That’s why your investors could always push you to go faster! This is not a Machiavellian plan to increase their ownership. It is simply in the interest of the investment fund that you hire more engineers, in order to introduce more products, faster, thus increasing your income and valuation. A company that stagnates for an investment fund is automatically seen as a loss.

You should do what you feel is right, not what your investors are pushing you to do.

If, as in the case of Connect & GO, the result of the investment leads to a very rapid increase in revenues and customers and in the valuation of the company, it is great. But imagine the opposite case with revenues not growing as expected, say … due to a recession? And that you fall at a time when new liquidity is needed, but given the context you are unable to raise more. You will then be just another “failed” investment for your venture capital fund.

From then on, your fund will only focus on the other investments in your portfolio – you will be forgotten! As long as some of the fund’s investments turn into unicorns worth billions, the fund managers will be very happy with their returns and will soon forget your bankruptcy! Hence the word RISK in venture capital!

Unlike the investment fund for which your company is “just one of its investments”, for the founders it is a matter of life or death. If the business fails, the investor will lose his marbles. But entrepreneurs, who often act as personal guarantors for bank loans, don’t have all those other assets to lean on like an investment fund. Very often the entrepreneur has all the balls in one basket: his business!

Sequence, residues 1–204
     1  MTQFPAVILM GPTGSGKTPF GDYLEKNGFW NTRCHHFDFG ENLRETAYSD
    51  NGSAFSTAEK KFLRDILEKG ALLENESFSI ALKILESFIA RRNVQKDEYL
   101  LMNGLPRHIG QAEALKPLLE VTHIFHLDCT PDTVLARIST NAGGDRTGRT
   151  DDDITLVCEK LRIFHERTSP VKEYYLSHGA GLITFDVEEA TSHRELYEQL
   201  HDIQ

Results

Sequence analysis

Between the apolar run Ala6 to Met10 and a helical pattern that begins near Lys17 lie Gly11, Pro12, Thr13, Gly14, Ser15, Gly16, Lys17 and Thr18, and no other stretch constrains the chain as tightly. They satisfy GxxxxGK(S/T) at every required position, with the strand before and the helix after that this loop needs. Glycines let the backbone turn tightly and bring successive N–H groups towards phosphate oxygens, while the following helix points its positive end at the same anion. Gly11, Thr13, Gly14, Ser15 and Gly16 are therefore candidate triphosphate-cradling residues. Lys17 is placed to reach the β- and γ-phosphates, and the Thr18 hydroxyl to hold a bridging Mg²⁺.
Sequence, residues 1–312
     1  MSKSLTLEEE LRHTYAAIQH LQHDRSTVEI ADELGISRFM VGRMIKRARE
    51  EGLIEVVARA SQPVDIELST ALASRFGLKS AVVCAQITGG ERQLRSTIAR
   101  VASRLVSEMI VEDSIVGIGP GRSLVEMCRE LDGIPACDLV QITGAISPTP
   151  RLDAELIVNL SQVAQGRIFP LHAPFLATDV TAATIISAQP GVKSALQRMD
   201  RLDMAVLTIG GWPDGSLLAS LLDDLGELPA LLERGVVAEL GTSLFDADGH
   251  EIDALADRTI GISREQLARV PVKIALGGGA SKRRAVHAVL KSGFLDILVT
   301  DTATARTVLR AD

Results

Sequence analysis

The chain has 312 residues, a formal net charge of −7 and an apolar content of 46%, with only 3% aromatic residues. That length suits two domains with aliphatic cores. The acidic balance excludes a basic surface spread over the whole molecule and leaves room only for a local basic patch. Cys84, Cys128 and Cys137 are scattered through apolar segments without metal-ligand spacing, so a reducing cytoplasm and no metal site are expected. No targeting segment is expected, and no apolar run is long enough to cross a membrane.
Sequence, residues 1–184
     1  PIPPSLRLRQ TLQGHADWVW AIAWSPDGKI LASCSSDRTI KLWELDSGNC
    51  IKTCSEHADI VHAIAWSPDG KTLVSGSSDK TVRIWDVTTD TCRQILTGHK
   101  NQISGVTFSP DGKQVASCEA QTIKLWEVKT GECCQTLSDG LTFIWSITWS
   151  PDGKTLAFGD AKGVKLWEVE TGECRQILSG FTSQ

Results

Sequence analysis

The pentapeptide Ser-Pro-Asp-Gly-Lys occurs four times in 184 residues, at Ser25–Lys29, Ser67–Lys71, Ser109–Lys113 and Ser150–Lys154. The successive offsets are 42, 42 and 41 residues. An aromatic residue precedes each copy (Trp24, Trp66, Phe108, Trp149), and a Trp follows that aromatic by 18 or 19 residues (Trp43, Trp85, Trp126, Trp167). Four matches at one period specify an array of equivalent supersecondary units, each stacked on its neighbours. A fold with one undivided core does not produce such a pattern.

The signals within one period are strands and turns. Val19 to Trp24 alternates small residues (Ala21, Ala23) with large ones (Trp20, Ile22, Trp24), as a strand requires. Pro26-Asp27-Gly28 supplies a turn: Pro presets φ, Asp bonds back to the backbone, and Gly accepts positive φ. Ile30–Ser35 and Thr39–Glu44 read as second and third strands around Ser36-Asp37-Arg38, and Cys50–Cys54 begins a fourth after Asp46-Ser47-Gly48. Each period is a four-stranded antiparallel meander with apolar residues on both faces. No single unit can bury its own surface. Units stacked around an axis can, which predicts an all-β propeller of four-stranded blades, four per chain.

It is for this reason that you have every right to think differently from your investors on the best way forward.

We will support you

I recently talked to an entrepreneur friend about his scale-up situation. Having experienced tremendous growth during the pandemic (being in the field of medical technologies), his investors asked him to very quickly accelerate his hiring and growth of him despite the cash flow risks. His investors reassure him by saying “we will support you”. We try to be transparent, “we support you” does not mean writing a check.

When it came time to ask for the check, the business environment had changed, growth had slowed slightly and the cost of capital had risen. Result: the company had more than 3 months of cash and its investors did not support it!

Looking back, my entrepreneur friend should never have made a single hiring before he got the check. His answer should have been, “Great. Hiring more engineers will clearly reduce our cash flow. Can you confirm when we get your new financing offer and your check?

Instead, he naively thought he had the “forever” support of his investors and burned all the company money to go faster!

As a result, the fund suffered the loss (selling the company for the value of its preferred stock) and my entrepreneur friend lost everything.

Think about this story before doing what your investors tell you to do. Do what is good for you, for the company and if you have a good investor, also for him, but not at all costs!